US President Barack Obama has warned that support of the Egyptian government will depend on its adoption of US and democratic values.
In last Tuesday’s address to the United Nations General Assembly (UNGA) Obama officially cancelled military exercises with Egypt that had been planned for September. He said cooperation with other countries depended on their recognition of US interests.
“Our approach to Egypt reflects a larger point: the United States will at times work with governments that do not meet the highest international expectations, but who work with us on our core interests.”
But the President said the US would maintain a “constructive relationship” with Egypt.
“And so, going forward, the United States will maintain a constructive relationship with the interim government that promotes core interests like the Camp David Accords and counter-terrorism.”
Obama’s UNGA address comes several weeks after anti-secularist protests in Sydney. Hundreds of protestors gathered outside Sydney’s Egyptian Consulate on August 17 to condemn the Egyptian military and Western governments as violence escalated in Egypt.
The protest was just one of many sparked across the globe, in Japan, Malaysia, Turkey and Indonesia in reaction to the increasing crisis in Egypt.
On the day, protest organiser Hamzah Quereshi said a “deep and blatant hypocrisy” by Western governments saw national agendas prioritised over civilians’ lives. Despite Obama’s announcement that week that he would suspend bi-annual military exercises with Egypt in September, Mr Qureshi criticised Washington’s annual $1.2 billion funding of the Egyptian military.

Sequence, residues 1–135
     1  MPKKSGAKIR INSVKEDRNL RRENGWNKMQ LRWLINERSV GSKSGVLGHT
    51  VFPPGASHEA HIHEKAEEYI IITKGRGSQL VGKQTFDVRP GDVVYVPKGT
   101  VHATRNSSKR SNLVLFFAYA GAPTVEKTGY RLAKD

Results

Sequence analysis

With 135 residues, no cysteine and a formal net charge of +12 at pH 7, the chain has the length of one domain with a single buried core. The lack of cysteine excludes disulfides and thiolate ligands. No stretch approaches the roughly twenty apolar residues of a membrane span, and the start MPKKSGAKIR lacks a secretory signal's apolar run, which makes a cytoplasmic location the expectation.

“Obama has bought this massacre. He is the benefactor of a butcher. And for him to now say that ‘we will cease a joint military operation’ doesn’t change the fact that he has sidelined the issue of the funding.”
Mr Quereshi said there was a “double standard in play” in US support for Egypt.
“So what’s clear here is that Obama and the United States administration is still very much intent on bankrolling the Egyptian regime when it serves their interest for things like the Camp David Accords, security of Israel, and other regional interests.”
Earlier that week, the then foreign minister Bob Carr had condemned violence by both sides in Egypt.
“We call for restraint by the military. We urge restraint by those people who are protesting.”
Hizb ut-Tahrir spokesman Uthman Badar had also criticised the Australian government’s response to the Egyptian conflict.
“Their response has been very weak. If they were sincere what they would be doing is recognising the military regime to be illegitimate and cutting off all forms of support to it.”
The anger of the protesters was made clear that day with many carrying placards that read: “Kevin Rudd, Bob Carr, your silence speaks volumes!” and “America: modern-day pharaoh in Egypt!”.
Mr Badar acknowledged that while such protests did not achieve immediate, tangible outcomes, they served to inform the public.
“It’s part of a larger genre of activities, conferences, lectures, leafleting that are designed to create public awareness.”